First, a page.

I feel like I’m back in the Mercat de La Bouqueria in Barcelona. Perched on a high stool at an already full and loud bar. Paper mats and menus and cutlery are laid out swiftly and the broken-English menu interpretations begin.
We look for inspiration on either side of us – it all looks good. Pimientos de Padron (£4.70) to start. Small green peppers from the capsicum family grilled and sprinkled with coarse salt. They look harmless enough, but we’re warned that every now and then you’ll get a really hot one – which I do, first up. Apparently it’s the season for hot ones!
I’m amazed watching everything happen behind the counter in front of us – including the kitchen, a well-fed chef and the kitchen sink. The space is so narrow – everything has a place and the staff move quickly between open draws and doors and each other, like a perfectly choreographed ballet – anything left out-of-place would upset this balance.
Some Salt cod fritters (£6.50). The best I’ve ever tasted. Lovely moist shredded fish with plenty of flavour from fresh herbs, lightly fried with a crispy batter.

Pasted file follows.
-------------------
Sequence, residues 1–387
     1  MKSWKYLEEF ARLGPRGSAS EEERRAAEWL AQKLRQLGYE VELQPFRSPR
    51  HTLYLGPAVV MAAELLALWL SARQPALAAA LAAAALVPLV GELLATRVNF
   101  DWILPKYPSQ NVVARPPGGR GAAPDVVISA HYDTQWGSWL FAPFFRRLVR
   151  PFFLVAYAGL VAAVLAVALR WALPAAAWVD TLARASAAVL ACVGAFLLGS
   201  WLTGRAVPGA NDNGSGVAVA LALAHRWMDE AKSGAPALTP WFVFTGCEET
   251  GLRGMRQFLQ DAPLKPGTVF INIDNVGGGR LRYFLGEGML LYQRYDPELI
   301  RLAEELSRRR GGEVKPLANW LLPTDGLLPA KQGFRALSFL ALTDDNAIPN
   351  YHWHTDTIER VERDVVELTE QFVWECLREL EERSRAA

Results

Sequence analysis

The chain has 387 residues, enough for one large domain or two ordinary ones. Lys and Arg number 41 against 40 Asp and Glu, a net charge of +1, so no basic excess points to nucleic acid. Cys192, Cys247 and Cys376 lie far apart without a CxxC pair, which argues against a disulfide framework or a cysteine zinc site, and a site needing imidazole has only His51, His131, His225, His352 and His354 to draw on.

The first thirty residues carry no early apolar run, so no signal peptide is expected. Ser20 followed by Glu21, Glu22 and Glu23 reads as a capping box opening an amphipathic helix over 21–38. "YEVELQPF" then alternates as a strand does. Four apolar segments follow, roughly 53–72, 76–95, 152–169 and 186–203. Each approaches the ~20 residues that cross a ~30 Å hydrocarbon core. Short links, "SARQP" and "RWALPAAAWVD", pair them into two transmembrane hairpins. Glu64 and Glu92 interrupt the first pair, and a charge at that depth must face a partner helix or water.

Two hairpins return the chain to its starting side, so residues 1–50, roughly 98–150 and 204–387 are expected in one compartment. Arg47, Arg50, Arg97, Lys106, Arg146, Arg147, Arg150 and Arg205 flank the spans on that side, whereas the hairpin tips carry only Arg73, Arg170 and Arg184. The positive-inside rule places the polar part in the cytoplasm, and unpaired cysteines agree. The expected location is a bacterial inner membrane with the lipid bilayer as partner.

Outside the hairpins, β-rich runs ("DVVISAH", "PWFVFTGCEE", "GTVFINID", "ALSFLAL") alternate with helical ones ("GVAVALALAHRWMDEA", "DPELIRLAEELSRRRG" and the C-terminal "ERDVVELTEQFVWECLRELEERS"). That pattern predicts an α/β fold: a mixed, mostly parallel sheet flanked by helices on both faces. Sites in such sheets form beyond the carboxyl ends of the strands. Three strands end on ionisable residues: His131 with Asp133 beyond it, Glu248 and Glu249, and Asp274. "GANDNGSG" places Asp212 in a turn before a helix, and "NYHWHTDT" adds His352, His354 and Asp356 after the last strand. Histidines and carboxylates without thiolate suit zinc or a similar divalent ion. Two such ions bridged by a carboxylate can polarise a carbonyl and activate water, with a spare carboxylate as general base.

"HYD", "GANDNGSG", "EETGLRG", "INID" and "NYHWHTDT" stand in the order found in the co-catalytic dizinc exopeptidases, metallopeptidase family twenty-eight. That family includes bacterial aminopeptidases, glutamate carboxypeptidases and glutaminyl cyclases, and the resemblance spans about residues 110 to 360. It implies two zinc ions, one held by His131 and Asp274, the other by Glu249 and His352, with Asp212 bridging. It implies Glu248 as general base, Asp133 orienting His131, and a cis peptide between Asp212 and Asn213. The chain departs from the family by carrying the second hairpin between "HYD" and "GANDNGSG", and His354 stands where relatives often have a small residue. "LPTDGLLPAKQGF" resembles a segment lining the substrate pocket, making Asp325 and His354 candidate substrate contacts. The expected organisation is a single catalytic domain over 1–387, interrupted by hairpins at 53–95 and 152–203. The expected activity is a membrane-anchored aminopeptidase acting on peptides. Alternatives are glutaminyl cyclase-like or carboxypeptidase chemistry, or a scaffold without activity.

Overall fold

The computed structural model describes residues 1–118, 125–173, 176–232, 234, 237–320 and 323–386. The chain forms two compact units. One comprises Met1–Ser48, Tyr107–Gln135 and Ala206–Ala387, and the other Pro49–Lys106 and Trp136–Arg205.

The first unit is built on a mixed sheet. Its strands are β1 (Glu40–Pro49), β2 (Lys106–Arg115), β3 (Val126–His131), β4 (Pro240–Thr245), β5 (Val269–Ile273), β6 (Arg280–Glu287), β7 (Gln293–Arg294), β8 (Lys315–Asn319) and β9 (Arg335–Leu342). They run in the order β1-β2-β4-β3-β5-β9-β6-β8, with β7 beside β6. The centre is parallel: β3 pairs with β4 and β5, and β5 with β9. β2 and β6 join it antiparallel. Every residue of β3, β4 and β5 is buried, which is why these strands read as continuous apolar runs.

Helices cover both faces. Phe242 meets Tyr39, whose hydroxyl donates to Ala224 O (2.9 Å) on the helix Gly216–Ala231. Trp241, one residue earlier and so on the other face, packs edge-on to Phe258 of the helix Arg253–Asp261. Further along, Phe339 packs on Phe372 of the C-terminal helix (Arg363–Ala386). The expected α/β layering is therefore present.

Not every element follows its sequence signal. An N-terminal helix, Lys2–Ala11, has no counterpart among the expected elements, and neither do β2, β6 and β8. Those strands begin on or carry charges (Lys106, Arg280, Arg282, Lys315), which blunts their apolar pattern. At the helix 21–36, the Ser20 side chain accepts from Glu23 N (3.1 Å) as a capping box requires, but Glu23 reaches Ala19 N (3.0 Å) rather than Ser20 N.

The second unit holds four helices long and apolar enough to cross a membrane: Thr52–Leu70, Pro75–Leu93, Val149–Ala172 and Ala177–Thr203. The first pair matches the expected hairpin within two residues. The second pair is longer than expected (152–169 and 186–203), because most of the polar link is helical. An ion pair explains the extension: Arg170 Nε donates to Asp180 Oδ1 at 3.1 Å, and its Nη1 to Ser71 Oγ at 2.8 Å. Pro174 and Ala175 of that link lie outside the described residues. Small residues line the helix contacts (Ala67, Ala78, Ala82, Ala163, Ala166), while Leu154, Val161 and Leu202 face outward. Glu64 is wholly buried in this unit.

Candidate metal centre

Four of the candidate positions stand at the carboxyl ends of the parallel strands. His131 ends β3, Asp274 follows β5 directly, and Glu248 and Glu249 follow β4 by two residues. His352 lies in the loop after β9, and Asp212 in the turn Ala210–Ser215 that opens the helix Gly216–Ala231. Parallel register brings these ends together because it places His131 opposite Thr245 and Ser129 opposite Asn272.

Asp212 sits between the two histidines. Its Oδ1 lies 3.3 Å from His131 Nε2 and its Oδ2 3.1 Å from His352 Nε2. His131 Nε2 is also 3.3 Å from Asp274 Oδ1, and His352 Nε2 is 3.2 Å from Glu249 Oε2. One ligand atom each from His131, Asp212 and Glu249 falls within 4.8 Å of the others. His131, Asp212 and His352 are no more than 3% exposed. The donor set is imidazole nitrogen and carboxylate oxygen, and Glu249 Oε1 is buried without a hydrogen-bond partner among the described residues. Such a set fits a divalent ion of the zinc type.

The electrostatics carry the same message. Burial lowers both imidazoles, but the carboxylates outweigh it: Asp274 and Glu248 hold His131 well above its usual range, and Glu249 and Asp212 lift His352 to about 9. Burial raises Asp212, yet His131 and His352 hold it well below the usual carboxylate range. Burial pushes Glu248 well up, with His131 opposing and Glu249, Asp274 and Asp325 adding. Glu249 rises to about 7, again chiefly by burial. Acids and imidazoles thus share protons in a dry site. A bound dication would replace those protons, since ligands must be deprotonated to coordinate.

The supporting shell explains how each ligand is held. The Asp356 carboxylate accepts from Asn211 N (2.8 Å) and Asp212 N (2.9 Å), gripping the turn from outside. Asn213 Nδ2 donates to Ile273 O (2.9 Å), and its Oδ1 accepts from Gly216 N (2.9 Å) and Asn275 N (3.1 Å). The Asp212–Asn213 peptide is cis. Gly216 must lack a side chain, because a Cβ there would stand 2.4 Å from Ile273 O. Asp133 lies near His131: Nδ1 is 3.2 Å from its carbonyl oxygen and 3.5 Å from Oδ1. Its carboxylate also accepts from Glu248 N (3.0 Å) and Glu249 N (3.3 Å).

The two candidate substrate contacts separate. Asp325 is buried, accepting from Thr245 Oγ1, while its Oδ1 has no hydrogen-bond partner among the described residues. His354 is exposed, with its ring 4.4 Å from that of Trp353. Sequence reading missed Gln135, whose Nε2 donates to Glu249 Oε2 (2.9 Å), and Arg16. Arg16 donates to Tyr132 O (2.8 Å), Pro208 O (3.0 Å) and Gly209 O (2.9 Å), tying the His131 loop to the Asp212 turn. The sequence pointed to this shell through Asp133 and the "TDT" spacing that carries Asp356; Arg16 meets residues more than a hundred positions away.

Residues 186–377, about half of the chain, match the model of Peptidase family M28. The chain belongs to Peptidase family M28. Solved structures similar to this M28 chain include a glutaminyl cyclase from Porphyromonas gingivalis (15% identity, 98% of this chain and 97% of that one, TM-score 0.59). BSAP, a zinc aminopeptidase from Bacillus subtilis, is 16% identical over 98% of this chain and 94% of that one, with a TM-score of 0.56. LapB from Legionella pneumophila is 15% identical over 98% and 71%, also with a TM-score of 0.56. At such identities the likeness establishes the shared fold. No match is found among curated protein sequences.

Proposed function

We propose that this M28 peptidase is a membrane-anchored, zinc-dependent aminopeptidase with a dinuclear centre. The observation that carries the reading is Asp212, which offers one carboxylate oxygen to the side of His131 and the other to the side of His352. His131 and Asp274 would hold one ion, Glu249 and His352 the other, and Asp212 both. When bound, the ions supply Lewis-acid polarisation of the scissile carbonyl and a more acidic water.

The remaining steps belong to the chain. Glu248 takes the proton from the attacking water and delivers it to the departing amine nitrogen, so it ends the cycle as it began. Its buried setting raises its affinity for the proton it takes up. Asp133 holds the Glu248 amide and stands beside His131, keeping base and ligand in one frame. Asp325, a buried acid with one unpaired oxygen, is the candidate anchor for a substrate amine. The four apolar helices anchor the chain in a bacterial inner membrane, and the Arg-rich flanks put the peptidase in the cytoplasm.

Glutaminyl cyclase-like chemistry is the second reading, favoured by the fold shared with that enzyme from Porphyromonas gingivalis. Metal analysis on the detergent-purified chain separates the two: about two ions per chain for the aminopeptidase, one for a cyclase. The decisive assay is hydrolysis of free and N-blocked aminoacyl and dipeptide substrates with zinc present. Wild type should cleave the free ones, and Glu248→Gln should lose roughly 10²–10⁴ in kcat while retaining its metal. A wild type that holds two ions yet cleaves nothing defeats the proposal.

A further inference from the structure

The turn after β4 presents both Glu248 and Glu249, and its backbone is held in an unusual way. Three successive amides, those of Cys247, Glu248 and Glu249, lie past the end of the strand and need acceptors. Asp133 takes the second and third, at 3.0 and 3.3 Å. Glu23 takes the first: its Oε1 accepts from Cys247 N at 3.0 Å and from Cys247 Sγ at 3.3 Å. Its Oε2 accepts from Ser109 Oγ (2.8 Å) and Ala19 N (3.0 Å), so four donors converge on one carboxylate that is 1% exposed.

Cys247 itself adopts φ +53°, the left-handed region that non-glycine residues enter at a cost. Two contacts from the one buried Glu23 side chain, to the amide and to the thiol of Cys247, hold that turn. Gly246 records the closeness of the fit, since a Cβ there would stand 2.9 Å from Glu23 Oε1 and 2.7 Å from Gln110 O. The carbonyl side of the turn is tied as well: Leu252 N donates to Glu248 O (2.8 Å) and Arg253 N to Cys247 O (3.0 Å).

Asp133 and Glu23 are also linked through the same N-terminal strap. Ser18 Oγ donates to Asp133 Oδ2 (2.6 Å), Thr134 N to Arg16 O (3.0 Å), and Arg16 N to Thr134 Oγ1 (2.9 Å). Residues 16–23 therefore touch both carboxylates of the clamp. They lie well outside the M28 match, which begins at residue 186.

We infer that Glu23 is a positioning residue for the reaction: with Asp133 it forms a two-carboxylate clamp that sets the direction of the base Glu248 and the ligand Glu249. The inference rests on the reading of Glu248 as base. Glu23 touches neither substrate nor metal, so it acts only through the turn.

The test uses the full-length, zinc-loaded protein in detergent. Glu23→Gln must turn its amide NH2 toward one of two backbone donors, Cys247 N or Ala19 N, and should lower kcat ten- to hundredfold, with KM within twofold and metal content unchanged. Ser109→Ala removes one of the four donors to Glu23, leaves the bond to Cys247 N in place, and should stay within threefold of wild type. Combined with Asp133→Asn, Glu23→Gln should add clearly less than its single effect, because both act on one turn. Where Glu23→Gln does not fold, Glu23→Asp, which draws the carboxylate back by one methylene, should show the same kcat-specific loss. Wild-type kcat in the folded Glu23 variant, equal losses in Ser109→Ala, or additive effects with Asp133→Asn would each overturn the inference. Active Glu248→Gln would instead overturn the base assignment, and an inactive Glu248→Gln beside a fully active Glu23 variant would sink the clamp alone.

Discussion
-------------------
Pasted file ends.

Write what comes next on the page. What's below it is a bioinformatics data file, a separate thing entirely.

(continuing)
As we’re torn over just what tortilla to have, we go with the Jamón and Spinach Tortilla (£6.90) that’s being enjoyed by the couple to my right. Perfectly undercooked, a little runny, creamy and delicious. Then tender Octopus with Capers (£8.90).
It’s not only the food that’s great here, it’s the service. The boys are all a little short (and maybe even a little hairy) but they have crystal blue eyes and the loveliest of manners. Our waiter in particular. Everything he serves he does with an infectious smile – so proud of each dish he’s placing in front us. And then when he clears our plates (and we’ve licked them clean), “Good?” he asks, “Amazing!” we reply and his face lights-up. It makes me happy.
You know I’m a sucker for dessert, especially anything custard based! I ate many (MANY) a Crèma Catalana (£4.50) in San Sebastian, and can’t go past it today – the silky, caramelised sugar topped Spanish crème brulee.